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I'm in Sydney NE in a motel just a block from Cabelas and will make Casper Wy by tomorrow. Season opens on the 15 and it appears from the Casper weather forecast that I might get some low winds on the 16th to try a shot.

I'll give you a call when I get a cooler full of meat and head toward Utah.

Long ago when I first encountered the precession issue I knew very little about ballistics and just decided that I was a better shot when the target was further away. :D
I have not seen smaller "inch" measured groups at long range then at closer range but I have relatively consistantly seen smaller "MOA" measured groups at long range compared to closer range.

That said, I often see "inch" measured groups remain the same from 100 to 150 to 200 and at times out to 300 yards. They do not decrease in size but often them are extremely similiar in group size.

Its my opinion that if you are shooting an extremely long, high BC bullet to moderate to high velocity in a barrel that has a 1-9 or faster twist, you should never pass up a 3/4 moa at 100 yard load before testing at longer range.

Especially if the 3/4 moa groups are even triangles or round in shape. Another reason that if its possible, get off 100 yard paper as soon as possilbe, you will learn much more even at 300 yards or better yet 500 or farther.

The BC that GG and 7mmRHB are getting, 0.750" at 5000 ft elevation is nearly identical to what I have always gotten with this bullet. I have to use 0.740 BC at my 3500 ft elevation and all of my customers have used this same or similiar BC so its not a fluke for sure, there has been ALOT of feed back on this bullet and has pretty much always been a performer.
It has been so consistant that I tell all my customers to not even worry about 100 yard groups and to set up at 500 yards or more when doing load development if possible.

Yes, and I have done this for many years and for good reason. GG is right on and certainly not crazy. Years ago in my line of work I had the good fortune to work with ballistics research done by the military. Unfortunately I can't describe this very well in print. When you look at groups shot by the rifle it is not throwing bullets out in this direction or that to get a group. The bullets are traveling along a somewhat circular path around the center of your aim. In other words as you look at the bullets hitting the target there impact depends on where they were in this circle when they impacted the target. If you could see one bullets impact on targets from 100 to 1000 yards that bullet may impact low left at 100 yards and high right at 300 yards and anywhere along that semicircle as it traveled downrange. This gives you your groups as the bullet travels downrange depending on where it is in that semicircle when it impacts the target.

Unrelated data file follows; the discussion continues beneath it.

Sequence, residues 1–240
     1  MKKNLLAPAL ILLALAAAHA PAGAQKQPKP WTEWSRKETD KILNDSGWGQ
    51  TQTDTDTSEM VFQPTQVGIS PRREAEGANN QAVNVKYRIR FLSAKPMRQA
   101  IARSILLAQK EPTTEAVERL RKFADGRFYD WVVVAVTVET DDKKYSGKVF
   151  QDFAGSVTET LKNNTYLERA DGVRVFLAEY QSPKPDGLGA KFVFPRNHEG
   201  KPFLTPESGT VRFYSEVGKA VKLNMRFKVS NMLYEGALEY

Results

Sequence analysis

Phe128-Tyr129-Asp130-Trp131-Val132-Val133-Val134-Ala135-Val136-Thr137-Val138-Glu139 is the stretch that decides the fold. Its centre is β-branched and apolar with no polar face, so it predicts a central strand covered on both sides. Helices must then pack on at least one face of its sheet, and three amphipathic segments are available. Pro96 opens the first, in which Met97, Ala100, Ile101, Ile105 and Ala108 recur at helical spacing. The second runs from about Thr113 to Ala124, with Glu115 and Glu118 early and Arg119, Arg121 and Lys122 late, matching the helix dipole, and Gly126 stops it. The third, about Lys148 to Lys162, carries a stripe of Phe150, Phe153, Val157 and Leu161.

Now for what GG experienced and Fifties advise on testing loads. As the bullet leaves the muzzle there are tremendous forces placed on it as we all know. These cause the bullet to be more erratic at close range than long range. (Look at the slow velocity small powder charge loads that consistently win 100-200 yard matches. Bullets fired from these rounds are more stable quicker out of the barrel.) As the bullet travels downrange it continues to stabilize and the rotation around the axis gets tighter and tighter. Therefore the MOA of your groups get smaller the further a bullet travels downrange. With the axis being your aimpoint and rotation being the semicircular path the bullet is traveling.

Now, I have always been a long range hunter and not a target shooter so my concerns are different in picking a caliber and a parent case. Those slow little cartridges do great up close for punching paper beause they are so stable quick out of the barrel. But to take big game at a 1000 yards you need a lot of punch. Therefore huge cases with huge high BC bullets. Unfortunately these are very erratic out of the barrel and the most difficult to stabilize. So typically a shooter will notice this phenomenon much more out of this type of rifle. Therefore do your range testing a long way out there if you can.

The past couple of days I have shot antelope at 639, 729 and 813 yards. All one shot kills right through the chest with a 338-378 wby that groups about an inch at 100 yards and consistent 3" groups at 600 yards. They were long high BC bullets that many would not have realized were very accurate had they only shot at 100 yards.

I hope some of this helps, like I said I can't realy describe this very well in print.
awsome. I am getting excited! I have been in need of a good long range high ballisitc coefficient .277 bullets to shoot that will preform as well.